Patti Noblet, RN, interim director of cancer care research for St.Vincent Health, was in her late 40s when high blood pressure crept up on her. By the time she was diagnosed, her blood pressure already had reached stroke levels. Noblet’s doctor began treating her with diuretics, with no Noblet improvement. Noblet had a family history of stroke — it took her grandmother’s life — and a lifelong battle with her weight. “I was really afraid because I had headaches every day,” she said. “I could do some things to try to make this better.” On the recommendation of a friend, Noblet joined a physician-monitored nonsurgical program to lose weight. Over time she lost up to 60 pounds, gained control of her blood pressure and eliminated her gastric reflux. “The program helped me meet my goal through behavior modification,” she said. “It helped me troubleshoot.” The program’s staff members inspired Noblet to make new eating decisions, including bypassing buffets. The team also encouraged her to exercise and find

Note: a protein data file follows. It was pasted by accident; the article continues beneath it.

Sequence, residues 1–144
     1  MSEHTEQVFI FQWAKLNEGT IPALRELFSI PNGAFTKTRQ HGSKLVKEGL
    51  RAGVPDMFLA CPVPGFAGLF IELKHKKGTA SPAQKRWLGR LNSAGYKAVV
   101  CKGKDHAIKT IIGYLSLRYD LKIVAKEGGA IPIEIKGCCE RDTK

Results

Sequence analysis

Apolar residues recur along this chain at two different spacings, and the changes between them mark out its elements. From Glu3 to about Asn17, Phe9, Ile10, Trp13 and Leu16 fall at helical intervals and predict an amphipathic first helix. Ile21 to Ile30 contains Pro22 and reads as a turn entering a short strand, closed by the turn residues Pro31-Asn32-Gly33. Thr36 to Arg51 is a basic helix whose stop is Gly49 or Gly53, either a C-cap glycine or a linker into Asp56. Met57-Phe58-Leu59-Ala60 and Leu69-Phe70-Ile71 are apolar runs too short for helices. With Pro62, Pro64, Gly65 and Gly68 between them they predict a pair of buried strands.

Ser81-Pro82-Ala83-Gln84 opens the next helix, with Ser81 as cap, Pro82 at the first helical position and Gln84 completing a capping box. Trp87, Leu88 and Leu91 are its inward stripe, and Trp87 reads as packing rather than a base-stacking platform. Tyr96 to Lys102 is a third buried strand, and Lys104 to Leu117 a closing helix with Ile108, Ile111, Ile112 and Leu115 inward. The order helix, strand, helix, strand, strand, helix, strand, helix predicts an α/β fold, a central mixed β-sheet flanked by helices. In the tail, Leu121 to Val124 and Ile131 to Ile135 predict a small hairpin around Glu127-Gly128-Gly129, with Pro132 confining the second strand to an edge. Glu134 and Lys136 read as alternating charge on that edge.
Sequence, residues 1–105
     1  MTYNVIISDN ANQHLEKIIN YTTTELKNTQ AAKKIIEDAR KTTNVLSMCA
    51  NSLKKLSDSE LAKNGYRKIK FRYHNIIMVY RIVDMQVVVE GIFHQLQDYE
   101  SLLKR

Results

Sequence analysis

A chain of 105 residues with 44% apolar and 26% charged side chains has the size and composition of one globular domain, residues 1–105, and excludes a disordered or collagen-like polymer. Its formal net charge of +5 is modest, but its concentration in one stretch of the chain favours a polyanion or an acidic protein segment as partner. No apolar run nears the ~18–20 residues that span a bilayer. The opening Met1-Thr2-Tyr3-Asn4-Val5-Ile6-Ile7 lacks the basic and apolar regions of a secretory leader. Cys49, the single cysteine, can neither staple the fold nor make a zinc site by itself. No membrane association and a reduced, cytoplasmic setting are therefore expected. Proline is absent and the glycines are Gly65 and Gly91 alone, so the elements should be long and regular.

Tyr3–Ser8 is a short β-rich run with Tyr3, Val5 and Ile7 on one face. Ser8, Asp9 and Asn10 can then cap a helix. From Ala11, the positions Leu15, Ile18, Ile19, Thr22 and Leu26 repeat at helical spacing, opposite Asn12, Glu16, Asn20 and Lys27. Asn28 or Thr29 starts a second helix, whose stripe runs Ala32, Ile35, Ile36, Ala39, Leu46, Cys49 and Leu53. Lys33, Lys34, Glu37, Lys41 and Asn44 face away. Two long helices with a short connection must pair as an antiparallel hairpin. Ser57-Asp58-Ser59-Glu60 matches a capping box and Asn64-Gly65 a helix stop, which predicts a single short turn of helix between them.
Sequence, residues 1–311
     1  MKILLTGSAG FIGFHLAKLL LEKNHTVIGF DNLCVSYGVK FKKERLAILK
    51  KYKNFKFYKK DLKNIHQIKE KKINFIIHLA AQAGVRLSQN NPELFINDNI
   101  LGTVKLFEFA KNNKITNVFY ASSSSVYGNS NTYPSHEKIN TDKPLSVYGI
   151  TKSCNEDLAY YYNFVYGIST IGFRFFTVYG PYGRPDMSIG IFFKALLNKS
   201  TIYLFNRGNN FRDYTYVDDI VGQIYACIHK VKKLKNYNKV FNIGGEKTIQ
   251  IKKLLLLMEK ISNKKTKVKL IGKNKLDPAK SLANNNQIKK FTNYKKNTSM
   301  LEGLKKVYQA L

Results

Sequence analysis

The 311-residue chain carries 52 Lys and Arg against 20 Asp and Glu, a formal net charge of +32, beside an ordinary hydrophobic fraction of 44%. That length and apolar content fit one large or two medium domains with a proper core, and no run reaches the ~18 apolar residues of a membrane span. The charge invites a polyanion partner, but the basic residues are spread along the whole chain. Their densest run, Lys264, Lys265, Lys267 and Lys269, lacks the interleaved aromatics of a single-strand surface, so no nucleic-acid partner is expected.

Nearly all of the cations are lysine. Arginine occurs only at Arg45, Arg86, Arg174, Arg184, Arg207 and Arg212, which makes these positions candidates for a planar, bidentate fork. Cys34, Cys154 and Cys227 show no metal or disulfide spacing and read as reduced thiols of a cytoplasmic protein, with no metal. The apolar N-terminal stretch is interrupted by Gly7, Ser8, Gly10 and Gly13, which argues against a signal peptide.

Tammy Ditto, another nominee, has worked as a nurse for Franciscan St. Francis Health for 25 years. A patient care coordinator in the surgical intensive care unit, she is accustomed to seeing people who are challenged by heart disease. Overweight most of her life, Ditto knew she needed Ditto to make a change. When the hospital network offered a wellness program for employees, she jumped at the chance to reduce her risk of stroke and diabetes. At the beginning of the physiciansupervised program, Ditto learned she was in an early stage of diabetes. “I was pretty determined,” she said. “I just know it was what I had to do, and I had only one week the entire time when I didn’t lose weight. I lost 170 pounds by counting calories and exercise. At first, I went weekly and learned to make good choices for myself.” Ditto took advantage of inexpensive technology to support her weight loss. She uses a smartphone app to track exercise and calories burned. Another app helps her track calories consumed. “I’ve had a complete life transformation,” Ditto said. “I like to shop for clothes now — something I never did before.” ●